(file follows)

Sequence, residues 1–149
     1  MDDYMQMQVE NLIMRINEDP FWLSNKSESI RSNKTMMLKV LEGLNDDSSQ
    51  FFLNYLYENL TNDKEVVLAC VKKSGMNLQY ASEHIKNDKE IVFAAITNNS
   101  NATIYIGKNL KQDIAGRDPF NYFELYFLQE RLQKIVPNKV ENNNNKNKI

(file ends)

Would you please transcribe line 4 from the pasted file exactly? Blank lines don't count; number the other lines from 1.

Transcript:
   101  NATIYIGKNL KQDIAGRDPF NYFELYFLQE RLQKIVPNKV ENNNNKNKI